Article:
The tensions between the government and India’s central bank, the Reserve Bank of India (RBI), may be reaching alarming levels with Economic Times reporting that the government, in a bid to protect the interests of the country, has invoked Section 7 of the RBI Act, 1934.
According to the section, “the central government may from time to time give such directions to the bank as it may, after consultation with the governor of the bank, consider necessary in the public interest.” This piece of legislation provides for the formation and functioning of RBI and also sets up the framework for functioning of banks in India.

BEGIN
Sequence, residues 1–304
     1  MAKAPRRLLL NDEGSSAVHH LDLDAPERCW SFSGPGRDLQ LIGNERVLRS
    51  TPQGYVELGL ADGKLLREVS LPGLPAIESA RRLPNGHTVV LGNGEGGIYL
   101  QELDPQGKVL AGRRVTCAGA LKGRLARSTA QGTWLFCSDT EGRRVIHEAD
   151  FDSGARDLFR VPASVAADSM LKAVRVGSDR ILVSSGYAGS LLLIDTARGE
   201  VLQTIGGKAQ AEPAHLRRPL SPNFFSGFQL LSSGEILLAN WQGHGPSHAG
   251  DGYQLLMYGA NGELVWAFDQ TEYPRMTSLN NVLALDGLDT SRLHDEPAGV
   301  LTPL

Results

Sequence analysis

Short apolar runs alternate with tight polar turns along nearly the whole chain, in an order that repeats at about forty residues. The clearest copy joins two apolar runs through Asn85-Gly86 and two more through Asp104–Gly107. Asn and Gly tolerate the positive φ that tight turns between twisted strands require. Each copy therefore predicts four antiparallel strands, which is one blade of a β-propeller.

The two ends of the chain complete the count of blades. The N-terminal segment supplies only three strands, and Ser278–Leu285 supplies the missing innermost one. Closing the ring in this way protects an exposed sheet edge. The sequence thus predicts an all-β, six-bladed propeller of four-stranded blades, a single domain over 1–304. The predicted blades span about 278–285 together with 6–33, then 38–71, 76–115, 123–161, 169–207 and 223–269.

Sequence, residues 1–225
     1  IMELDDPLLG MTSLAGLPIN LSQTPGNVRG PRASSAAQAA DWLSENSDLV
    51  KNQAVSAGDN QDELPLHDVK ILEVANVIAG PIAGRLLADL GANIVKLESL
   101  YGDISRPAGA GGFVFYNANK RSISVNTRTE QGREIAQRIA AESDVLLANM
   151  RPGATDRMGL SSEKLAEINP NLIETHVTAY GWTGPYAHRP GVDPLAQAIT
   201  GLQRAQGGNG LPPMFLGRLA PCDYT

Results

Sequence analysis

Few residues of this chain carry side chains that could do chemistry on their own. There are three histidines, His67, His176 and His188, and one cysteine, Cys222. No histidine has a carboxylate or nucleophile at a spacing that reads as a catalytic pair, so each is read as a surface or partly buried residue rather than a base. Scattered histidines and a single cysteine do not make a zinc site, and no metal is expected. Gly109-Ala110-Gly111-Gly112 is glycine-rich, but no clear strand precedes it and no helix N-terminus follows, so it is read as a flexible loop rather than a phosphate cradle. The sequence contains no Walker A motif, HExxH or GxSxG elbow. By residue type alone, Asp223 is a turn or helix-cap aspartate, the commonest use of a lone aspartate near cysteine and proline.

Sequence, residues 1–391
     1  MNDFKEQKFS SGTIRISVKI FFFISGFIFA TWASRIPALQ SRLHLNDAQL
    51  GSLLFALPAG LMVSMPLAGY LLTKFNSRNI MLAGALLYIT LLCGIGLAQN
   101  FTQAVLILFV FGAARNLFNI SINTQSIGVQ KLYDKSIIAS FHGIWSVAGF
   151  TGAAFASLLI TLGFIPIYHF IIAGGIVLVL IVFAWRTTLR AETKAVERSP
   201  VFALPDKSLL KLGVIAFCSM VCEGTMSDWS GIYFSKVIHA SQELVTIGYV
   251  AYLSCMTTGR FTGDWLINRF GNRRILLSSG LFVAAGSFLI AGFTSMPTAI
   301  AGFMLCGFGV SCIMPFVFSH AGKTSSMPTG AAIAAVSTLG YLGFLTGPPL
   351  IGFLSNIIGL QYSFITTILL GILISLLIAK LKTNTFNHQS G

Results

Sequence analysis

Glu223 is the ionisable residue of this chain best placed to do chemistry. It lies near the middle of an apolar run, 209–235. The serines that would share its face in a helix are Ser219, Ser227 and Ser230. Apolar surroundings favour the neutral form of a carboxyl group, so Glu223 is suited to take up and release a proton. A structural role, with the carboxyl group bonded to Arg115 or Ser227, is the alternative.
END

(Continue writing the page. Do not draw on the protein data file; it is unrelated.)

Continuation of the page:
According to the report, the government had sent directives under the section to RBI on specific issues like liquidity for NBFCs, capital requirement for weak banks and lending to SMEs, issues that have been at the heart of recent disagreements between the two. Though the government and the RBI have not agreed on many points in the past, relations took an unprecedented downturn when RBI’s deputy governor Viral Acharya made strong remarks against the government on 27 October.
As reported earlier, RBI governor, Urjit Patel may resign on account of widening trust deficit between the government and the central bank. In response to such reports circulating in the media, both rupee and bond prices have witnessed a decline.